Complete installation, service and maintenance of all residential, commercial and industrial elevators, escalators, moving walks or any other form of people-moving and vertical transportation systems.

 


Glaziers
Glaziers cut and install all types and sizes of glass such as plate glass, custom glass, window glass, obscure glass, mirrors and leaded glass panels and curtain wall. They also fit and install aluminum entrances, sidelights and show windows, as well as plastic and porcelain panels in metal and wood frames.

 


Insulators
Insulators install insulation in both industrial and commercial mechanical systems, such as piping, boilers, duct work, storage tanks and equipment for the purpose of energy savings and burn protection, and to control system heat transfer and condensation.

 

 


Ironworkers
Ironworkers erect structural steel, install reinforcing steel, metal floor and roof decking, and assemble and install decorative curtain wall. They also move heavy machinery and assemble pre-engineered buildings.

 


Laborers
Work done by Construction Craft Laborers can include the construction, remodeling and demolition of buildings, dams, bridges, airports, streets, sewers, tunnels, etc. Typically, a laborer may do placement of asphalt and concrete, assisting brick masons, carpenters, and plaster masons, earth compaction, pavement breaking, landscaping, pipe laying, cleanup, flagging environmental remediation, cutting and burning steel, rigging, sandblasting, etc.

 


Linemen
As a lineman, you’ll be involved in the construction and maintenance of overhead and underground power lines. You’ll learn the skills needed to work on substations and switchyards, as well as distribution and transmission circuits up to 500,000 volts.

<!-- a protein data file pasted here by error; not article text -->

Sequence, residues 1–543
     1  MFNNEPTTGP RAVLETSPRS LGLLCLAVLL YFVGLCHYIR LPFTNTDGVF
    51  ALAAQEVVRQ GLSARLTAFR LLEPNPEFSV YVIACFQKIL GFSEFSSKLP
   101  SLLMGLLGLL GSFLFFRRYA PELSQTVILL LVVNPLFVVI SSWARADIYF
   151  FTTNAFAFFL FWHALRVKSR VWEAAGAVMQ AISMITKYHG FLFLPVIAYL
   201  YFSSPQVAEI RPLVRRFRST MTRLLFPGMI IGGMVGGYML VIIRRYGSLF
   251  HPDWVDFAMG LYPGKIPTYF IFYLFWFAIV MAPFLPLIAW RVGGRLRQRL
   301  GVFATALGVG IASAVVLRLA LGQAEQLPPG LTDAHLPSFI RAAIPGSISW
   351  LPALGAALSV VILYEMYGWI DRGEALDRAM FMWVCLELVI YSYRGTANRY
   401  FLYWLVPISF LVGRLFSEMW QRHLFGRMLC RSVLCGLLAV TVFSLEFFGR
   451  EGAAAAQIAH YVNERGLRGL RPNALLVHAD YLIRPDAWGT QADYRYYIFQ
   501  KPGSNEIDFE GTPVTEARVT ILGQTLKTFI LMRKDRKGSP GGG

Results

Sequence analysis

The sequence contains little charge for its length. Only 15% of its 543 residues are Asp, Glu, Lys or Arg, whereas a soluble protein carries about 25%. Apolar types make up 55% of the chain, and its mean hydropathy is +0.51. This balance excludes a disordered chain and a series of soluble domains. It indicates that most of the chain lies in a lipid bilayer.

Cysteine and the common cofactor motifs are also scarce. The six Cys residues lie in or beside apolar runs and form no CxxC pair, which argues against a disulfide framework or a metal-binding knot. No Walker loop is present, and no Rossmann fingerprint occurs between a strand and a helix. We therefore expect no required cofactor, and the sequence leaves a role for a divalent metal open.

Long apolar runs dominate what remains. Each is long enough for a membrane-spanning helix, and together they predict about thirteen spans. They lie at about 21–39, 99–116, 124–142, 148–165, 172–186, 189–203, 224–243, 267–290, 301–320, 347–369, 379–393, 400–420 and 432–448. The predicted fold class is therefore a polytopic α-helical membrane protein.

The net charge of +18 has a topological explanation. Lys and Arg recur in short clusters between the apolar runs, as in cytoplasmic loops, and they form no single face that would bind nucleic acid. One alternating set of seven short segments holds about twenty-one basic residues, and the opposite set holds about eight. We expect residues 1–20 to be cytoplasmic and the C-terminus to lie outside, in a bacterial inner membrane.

Millwrights
Millwrights are construction mechanics who install and maintain conveyance systems and large machinery for factories and shops.

 


Operating Engineers
Operating Engineers operate and maintain heavy construction equipment such as cranes, backhoes, loaders, scrapers and bulldozers for use in the construction of buildings, factories, roads, dams, power plants and bridges.

 


Painters & Drywall Finishers
Residential, industrial and commercial painters prepare surfaces and apply paint to walls and moldings, indoors and outdoors. Industrial work may include bridges, tanks, powerhouses, sandblasting and spray painting. Commercial work can involve painting/brush and roll, and wall covering.

 


Plasterers & Cement Masons
Plasterers mix and apply coats of standard and decorative plasters, both inside and out. Cement masons smooth and finish exposed concrete surfaces on projects such as walls, floors, steps, sidewalks, driveways and roads.

 


Plumbers & Steamfitters
Plumbers design, install and maintain sanitary, storm, water supply and gas service lines, plumbing fixtures and mechanical equipment. Steamfitters install and service pipes and measuring devices in water and steam pressure systems, air-conditioning and refrigeration systems, and power and fuel facilities.

 


Roofers & Waterproofers
Roofers install roofs on structures in a variety of materials, including shingles, slate and tile, hot tar, rubber, plastics and composites.
 

Sheet Metal Workers
Sheet Metal Workers build products from sheets of steel, aluminum, copper and other metals, and install the finished products. They are responsible for heating, air conditioning and ventilation of commercial buildings and homes. They also design and fabricate fascia, flashing, awnings, gutters and metal roofs, as well as kitchen equipment and exhaust systems.